The third round of the Blancpain GT Series championship, one of the most important endurance and speed competitions on a racing circuit, was held last weekend on the track at Misano Adriatico. The next leg will be the classic Spa 24 Hours, to be held in Belgium at the end of July, followed by the Hungaroring event and the Nürburgring race in Germany. Once again, Pirelli is the sole supplier of P Zero tyres for supercars such as the Aston Martin V12 Vantage, Audi R8, Ferrari 488, Lamborghini Huracán, and McLaren 650S, as well as for other superstars of today’s motor racing.
Pirelli has always had a great interest in touring car racing, for the tyres need to have a perfect blend of high-speed performance coupled with reliability under prolonged stress. It is a very important test bed for road tyres, bearing in mind that the racing vehicles are derived from standard production models.
One chapter in Pirelli’s long history of endurance races proved to be highly consequential for sports car racing: the car was the Lancia Beta Montecarlo Turbo, and the tyres Pirelli P7. The announcement came in the last few days of 1978, in Pirelli’s Fatti e Notizie house organ: “After playing a lead role for 15 years, Lancia is officially leaving rallying and moving over to track racing. The company will be taking part in the World Championship for Makes in the Silhouette Group 5 with the Beta Montecarlo Turbo. The car, with Pininfarina body and Pirelli tyres, will be driven by Riccardo Patrese and Walter Röhrl.” The car was unveiled on the Vallelunga racetrack in Rome in April 1979, and all motor racing enthusiasts agreed that it was “splendid”, with its compact body and black-and-white tiger stripes: “one of the most beautiful ever to emerge from Pininfarina’s pencil”. Victory came instantly in the World Championship for Makes, after warming up in the Silverstone and Brands Hatch races, with an excellent second place at the Nürburgring, an absolute first came on the Sicilian circuit of Pergusa, which is now used for testing Pirelli motorcycle tyres. All without a single mid-race change of tyres, as has always been the norm in the 6 Hours. The wonderful adventure of the Lancia Beta Montecarlo continued for a couple of years, winning the World Championship again in 1980. The Lancia Racing team was further boosted with the arrival of Michele Alboreto and Eddie Cheever, who joined the historic duo Carlo Facetti-Martino Finotto, masters of touring car racing, who won no less a victory than the 24 Hours of Le Mans. For Pirelli, this was a triumph not seen since the success in 1954 with Ferrari, with José Froilán González and Maurice Trintignant at the wheel. And then came victory in the World Championship in 1981 with the car decked out in the classic white, red, and blue livery of the Martini Racing team.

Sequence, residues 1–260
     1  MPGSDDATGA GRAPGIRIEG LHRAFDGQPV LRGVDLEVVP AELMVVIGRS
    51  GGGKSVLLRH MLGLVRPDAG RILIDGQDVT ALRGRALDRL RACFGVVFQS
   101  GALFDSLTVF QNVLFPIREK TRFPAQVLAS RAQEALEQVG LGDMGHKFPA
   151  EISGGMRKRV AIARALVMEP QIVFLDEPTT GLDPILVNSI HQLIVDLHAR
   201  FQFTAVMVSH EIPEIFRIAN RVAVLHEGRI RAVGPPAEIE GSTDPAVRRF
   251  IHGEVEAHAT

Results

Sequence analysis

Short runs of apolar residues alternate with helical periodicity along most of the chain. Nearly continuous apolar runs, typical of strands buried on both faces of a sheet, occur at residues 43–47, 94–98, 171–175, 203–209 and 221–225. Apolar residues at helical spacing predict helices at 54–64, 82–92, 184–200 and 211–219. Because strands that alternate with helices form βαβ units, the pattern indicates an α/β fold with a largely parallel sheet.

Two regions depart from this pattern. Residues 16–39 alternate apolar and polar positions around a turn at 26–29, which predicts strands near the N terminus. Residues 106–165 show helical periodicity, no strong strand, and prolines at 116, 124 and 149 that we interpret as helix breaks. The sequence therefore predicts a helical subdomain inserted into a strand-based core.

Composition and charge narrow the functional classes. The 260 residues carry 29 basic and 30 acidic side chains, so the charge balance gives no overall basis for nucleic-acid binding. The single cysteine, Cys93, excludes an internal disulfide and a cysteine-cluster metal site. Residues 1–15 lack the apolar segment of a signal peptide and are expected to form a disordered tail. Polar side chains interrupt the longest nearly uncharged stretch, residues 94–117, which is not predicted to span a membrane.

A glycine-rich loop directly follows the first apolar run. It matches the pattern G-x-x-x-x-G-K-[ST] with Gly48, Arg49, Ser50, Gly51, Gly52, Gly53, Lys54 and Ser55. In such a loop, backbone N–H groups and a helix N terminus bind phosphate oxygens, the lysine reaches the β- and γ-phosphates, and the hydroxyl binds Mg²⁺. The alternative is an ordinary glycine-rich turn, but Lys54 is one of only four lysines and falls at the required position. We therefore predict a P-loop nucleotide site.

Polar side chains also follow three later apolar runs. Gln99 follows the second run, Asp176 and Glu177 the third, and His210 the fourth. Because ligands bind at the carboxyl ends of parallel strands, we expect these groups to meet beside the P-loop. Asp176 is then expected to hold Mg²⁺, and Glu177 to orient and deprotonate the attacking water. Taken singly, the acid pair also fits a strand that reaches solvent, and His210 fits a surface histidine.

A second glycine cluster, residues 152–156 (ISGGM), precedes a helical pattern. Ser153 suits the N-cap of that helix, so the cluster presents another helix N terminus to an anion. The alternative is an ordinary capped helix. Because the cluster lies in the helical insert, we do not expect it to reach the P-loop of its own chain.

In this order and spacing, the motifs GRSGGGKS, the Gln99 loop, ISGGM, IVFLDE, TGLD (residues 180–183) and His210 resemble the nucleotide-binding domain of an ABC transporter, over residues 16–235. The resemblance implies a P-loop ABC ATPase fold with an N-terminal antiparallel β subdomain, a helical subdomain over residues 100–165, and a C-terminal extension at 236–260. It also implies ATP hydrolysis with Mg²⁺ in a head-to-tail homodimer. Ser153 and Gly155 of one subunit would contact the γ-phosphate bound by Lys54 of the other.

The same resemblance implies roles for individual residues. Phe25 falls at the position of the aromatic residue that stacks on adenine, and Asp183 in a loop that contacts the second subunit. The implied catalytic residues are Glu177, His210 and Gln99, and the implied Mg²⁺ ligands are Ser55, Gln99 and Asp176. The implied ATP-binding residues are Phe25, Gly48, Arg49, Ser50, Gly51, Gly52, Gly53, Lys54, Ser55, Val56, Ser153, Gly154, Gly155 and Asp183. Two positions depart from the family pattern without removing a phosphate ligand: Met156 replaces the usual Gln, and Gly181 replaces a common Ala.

In 1982, Lancia made its entry in the World Sportscar Championship with the new LC1 silhouette in Group 6, entrusted to the by now customary Michele Alboreto, Riccardo Patrese, Teo Fabi, and Piercarlo Ghinzani. Victory was ultimately snatched from them by just 2 seconds, as the Belgian driver Jacky Ickx sped past in his Porsche. Yet another thrilling season, yet again with Pirelli radials.